Before any product is approved for mass production – shoes, watches, cars the list is endless – a one-off prototype is created to understand and finalize all the visual cues and dimensions of the its design.
3D printing, also called additive manufacturing is the process involved in creating three dimensional solid objects from their digital models designed on various 3D modeling softwares. In a typical process of additive manufacturing, an object is created by laying down successive layers of material until the entire object is created. Each of these layers are the thinnest possible slices of the horizontal cross section of the object.
Before everything, a virtual design of the object to be created, is made in a computer aided design (CAD) file, with the help of a 3D modelling software, or its dimensions and surfaces are copied with the use of a 3D scanner. The scanner makes a digital copy of the object which can be accessed through the 3D modelling software.
How to create objects by 3D printers
In order to recreate the 3D model on the printer, the software slices the final model into a hundred thousand horizontal layers. Once the file is uploaded, the printer creates the object one layer at a time. The 3D printer reads every slice of the object as a 2D image and proceeds by blending each layer together, producing a 3D object.
Various 3D printers use different technologies to create objects. There are a number of ways of getting it done and are all mostly additive, varying in the method by which the layers are created to obtain the final object. Some printing processes use melting or softening of the material to produce the layers. Processes like the selective laser sintering (SLS) and fused deposition modelling (FDM) are the most common technologies that employ this method of printing. The most widely used, however is Stereolithography (SLA).
The method of selective laser sintering requires the use of a high power laser to fuse small particles of plastic, metal, ceramic or glass powders into the required 3D shape. The laser does selective fusing of the powdered material according to its scan of the cross sections generated by the 3D modelling software. Each cross section being scanned, the powder bed is lowered by one layer thickness. A fresh layer of material is applied on to it and the process is repeated until the object is completed. In this method, all the unused powder remains, and becomes a support structure for the object being created. All the unused powder is then used for the next printing.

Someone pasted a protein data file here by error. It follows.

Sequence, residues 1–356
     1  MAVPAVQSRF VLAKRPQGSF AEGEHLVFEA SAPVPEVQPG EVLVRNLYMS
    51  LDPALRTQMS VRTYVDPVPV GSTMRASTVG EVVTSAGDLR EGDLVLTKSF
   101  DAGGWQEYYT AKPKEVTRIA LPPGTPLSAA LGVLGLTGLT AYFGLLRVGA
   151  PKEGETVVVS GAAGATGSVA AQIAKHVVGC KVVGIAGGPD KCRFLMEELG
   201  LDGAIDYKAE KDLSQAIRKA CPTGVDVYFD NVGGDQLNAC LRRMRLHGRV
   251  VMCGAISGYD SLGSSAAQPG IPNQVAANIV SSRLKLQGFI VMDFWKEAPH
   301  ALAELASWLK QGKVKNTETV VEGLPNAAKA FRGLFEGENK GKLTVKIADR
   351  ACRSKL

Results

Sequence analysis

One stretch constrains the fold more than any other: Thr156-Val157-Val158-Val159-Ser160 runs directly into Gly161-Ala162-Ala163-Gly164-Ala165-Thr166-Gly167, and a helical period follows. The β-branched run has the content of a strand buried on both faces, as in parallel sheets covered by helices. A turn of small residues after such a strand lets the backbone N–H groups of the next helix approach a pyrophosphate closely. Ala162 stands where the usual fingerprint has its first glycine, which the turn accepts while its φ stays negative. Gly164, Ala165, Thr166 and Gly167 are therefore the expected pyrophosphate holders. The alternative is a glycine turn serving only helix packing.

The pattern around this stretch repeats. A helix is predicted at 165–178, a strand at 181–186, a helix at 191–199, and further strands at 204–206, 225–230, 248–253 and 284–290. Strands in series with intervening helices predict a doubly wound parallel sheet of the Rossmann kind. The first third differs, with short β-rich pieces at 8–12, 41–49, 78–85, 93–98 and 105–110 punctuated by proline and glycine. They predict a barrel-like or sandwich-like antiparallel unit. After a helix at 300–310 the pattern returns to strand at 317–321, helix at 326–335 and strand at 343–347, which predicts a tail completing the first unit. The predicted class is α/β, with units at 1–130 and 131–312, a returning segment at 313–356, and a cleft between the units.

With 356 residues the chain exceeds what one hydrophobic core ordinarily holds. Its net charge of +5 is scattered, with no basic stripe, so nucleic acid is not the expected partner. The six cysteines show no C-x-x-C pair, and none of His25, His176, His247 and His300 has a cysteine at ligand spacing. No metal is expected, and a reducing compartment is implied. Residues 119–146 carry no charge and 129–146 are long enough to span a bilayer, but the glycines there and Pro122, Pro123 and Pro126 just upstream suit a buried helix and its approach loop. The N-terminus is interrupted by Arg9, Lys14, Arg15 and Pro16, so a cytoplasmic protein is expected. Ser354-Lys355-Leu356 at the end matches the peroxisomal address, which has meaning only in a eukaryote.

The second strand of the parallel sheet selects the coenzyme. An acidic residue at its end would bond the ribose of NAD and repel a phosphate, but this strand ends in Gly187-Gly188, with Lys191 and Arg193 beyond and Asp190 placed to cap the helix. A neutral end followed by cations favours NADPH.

The extrusion technique
The process of fused deposited modelling uses a plastic filament or metal wire unwound from a coil and provides material to an extrusion nozzle that controls the flow, and can turn it on and off. The nozzle is heated to melt the material and can travel in the vertical and horizontal planes by a numerically controlled mechanism by a computer- aided manufacturing (CAM) software. The object is then produced by extruding the melted material for the formation of layers as it hardens immediately once extruded from the nozzle.
The stereolithography method utilizes the process of photopolymerization to produce a solid part from a liquid. This method makes use of a liquid ultraviolet curable photopolymer resin and an ultraviolet laser to build the object’s layers one at a time. For each layer, the laser beam would trace a cross section of the part pattern on the liquid resin’s surface. The ultraviolet light then cures and solidifies the pattern traced on to the resin, and combines it with the layer below.
Once the pattern is traced the elevator platform in the machine setup descends by the thickness of a single layer and a resin filled blade sweeps across the particular cross section, re-coating it with fresh material. On the new liquid surface, the next layer pattern is traced, combining the previous layer. Hence a complete object is obtained. This process requires the use of supporting structures which also provide help attaching the part to the elevator platform.
3D printing is becoming popular
Over the last few years the popularity and demand of 3D printing has gone up and the technology now caters to a greater section of the public. Yet a lot of people are yet to try it out for themselves even though it has now been decades since 3D printing started. Manufacturers, however, have used it since long for their design processes in order to create prototypes for manufacturing and research. Using 3D printing for such purposes gives it the name of rapid prototyping.
The numerous applications of 3D printing include design visualization, prototyping, metal casting, architecture, education, geospatial, healthcare and entertainment.